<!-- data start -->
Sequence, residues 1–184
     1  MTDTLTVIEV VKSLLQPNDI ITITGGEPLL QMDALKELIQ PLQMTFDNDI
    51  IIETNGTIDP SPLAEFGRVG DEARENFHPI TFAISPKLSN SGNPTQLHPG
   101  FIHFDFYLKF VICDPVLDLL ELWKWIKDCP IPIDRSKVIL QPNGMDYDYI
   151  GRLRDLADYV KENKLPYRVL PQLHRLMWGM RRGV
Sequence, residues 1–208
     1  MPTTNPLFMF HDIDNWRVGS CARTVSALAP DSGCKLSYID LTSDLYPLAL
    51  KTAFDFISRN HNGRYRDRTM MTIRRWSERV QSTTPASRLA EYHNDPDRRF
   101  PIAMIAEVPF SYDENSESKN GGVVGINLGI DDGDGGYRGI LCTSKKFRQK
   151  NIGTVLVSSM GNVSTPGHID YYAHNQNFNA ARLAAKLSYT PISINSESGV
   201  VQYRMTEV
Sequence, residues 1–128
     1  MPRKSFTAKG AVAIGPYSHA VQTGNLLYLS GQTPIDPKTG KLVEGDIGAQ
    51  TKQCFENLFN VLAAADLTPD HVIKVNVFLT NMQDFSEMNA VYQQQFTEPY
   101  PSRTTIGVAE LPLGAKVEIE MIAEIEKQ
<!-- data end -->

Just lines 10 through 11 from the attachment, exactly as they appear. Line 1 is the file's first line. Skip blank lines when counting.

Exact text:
   151  NIGTVLVSSM GNVSTPGHID YYAHNQNFNA ARLAAKLSYT PISINSESGV
   201  VQYRMTEV